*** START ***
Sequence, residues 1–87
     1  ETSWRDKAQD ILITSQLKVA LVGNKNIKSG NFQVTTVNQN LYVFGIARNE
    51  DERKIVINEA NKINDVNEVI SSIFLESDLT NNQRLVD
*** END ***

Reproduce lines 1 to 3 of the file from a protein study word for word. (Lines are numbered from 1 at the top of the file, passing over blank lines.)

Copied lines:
Sequence, residues 1–87
     1  ETSWRDKAQD ILITSQLKVA LVGNKNIKSG NFQVTTVNQN LYVFGIARNE
    51  DERKIVINEA NKINDVNEVI SSIFLESDLT NNQRLVD